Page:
After nearly two feet of snow fall, seven members of the ski team suited up for their final race of the season in Bozeman, Montana. The team placed 14th overall and sixth among the East Coast schools at the NCAA championships, hosted by Montana State University. Last year the Ephs placed 15th. Denver University took the title, outpacing the University of Colorado by 30 points. Dartmouth, winner of five of the six EISA carnivals this season, placed fourth.
The NCAA championship is not your average ski race. As a result, any move up in the field is a job well done – and for the five Williams alpine skiers that competed, that’s precisely what happened.
Coming in as the man to beat for the title, Charles Christianson ’08 placed fourth in the slalom, just .01 seconds back from the podium. The finish marks the fourth time Christianson has received All-American honors. In the Giant Slalom (GS), the recent snowfall resulted in a near crash for Christianson, costing him any chance at victory. “It is bittersweet,” said Christianson, “the results did not come out the way I was expecting and it was my last college race ever, yet I skied the way I wanted and would not change a thing.”
Eric Mann ’09 had a good two days of racing, moving up nearly 10 spots in the slalom and securing eighth place in the GS for All-American distinction. Alex Dyroff ’10 moved up six spots into 28th in the GS but was disqualified in the slalom after missing the second to last gate. For the alpine women, Jennah Durham ’10 and Emily Porter ’10 both moved up in the GS and slalom. In the Slalom, Porter placed 28th and 30th in the GS. Durham finished 17th in the GS and 22nd in the slalom.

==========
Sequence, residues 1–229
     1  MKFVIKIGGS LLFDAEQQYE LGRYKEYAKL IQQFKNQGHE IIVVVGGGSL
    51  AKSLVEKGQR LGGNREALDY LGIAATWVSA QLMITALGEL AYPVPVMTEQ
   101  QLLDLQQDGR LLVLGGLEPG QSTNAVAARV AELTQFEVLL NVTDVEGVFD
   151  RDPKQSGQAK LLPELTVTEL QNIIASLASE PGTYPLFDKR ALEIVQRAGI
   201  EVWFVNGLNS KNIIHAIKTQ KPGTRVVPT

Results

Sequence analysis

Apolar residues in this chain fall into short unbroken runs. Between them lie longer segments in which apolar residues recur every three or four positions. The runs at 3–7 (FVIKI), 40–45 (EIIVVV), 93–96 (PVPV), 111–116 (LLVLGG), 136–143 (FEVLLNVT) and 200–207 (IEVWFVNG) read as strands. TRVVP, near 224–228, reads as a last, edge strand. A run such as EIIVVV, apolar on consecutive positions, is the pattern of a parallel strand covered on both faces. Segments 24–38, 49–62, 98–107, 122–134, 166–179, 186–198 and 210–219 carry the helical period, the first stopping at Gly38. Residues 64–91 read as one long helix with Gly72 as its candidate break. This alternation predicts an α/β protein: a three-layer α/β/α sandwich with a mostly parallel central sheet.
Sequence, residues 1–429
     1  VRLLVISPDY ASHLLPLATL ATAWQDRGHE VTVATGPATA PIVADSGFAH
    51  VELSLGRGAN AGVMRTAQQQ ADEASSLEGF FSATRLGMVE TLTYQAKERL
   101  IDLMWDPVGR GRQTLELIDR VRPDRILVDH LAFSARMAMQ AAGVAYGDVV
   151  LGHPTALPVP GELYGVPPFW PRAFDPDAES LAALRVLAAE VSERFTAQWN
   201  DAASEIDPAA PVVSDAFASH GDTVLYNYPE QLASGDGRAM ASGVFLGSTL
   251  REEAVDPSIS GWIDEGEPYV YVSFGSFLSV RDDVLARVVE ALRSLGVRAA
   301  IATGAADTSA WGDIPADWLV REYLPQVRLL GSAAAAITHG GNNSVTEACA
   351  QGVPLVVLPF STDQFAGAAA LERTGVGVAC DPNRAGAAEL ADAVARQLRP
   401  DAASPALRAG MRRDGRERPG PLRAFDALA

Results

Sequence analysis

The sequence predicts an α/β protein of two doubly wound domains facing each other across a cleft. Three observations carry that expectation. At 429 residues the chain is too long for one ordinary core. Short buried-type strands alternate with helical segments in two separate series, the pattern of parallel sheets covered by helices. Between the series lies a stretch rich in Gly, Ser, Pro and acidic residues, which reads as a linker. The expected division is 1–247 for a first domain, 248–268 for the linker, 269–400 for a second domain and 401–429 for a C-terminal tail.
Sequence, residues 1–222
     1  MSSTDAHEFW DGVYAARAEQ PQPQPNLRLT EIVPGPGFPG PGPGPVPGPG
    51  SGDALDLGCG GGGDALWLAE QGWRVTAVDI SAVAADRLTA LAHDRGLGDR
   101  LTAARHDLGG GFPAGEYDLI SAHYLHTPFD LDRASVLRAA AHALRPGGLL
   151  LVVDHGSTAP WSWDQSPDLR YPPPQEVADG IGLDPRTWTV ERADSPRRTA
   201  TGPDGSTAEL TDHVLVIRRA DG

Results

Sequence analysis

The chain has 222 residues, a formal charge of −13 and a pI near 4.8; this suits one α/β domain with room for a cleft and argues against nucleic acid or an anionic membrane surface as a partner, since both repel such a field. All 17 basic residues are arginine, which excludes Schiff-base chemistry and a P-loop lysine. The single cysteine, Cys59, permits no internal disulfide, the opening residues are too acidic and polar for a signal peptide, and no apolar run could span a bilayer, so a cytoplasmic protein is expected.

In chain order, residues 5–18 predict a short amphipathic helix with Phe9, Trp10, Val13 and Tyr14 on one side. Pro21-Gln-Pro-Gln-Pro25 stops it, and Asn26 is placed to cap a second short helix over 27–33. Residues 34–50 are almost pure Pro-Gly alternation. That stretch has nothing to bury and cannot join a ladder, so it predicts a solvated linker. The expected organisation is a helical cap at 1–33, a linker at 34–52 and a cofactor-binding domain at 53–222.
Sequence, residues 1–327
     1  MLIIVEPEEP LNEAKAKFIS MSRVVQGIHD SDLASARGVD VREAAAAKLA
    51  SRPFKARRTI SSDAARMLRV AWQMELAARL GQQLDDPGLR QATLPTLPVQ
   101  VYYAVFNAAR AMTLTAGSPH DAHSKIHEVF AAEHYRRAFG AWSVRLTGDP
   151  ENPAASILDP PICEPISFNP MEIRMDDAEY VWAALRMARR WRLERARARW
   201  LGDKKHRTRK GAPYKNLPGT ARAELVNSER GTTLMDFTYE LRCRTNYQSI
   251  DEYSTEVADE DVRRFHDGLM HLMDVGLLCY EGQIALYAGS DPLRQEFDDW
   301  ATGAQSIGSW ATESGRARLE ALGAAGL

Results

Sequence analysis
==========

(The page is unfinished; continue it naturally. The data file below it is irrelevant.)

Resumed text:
Alice Nelson ’10 and Kirsten Johnson ’11, by virtue of consistent top-10 finishes on the carnival circuit, represented the nordic team at the championships. After arriving early in Bozeman, Nelson and Johnson spent several days preparing themselves for the rigors of the course and adjusted to the adverse effects of the altitude.
The championships opened with the 5k freestyle race. Johnson placed 23rd, four seconds out of the top-20, and Nelson took 29th. Colorado’s Maria Moe Grevsgaard, who dominated the western circuit all year, won the race by considerable margin over the second-place finisher.
After a day of rest and an opportunity to watch the alpine team compete in the GS races, the women returned to Bohart Ranch to compete in the 15k mass start classic race. The race featured three laps around a challenging 5k loop, nearing 6,200 feet at its highest point. Johnson led the way, placing 25th, with Nelson coming in close behind in 30th.
The nordic women got a boost when they were supported by their alpine teammates who trekked out onto the course to watch and cheer for them. “I was pretty much dying on my third lap going up this huge hill but I had all of the ‘pinies cheering for me and running up the hill beside me,” said Nelson. “It was an incredible feeling to have their support.”
NCAA Div. III championship meet, being held in Miami University in Ohio, next month.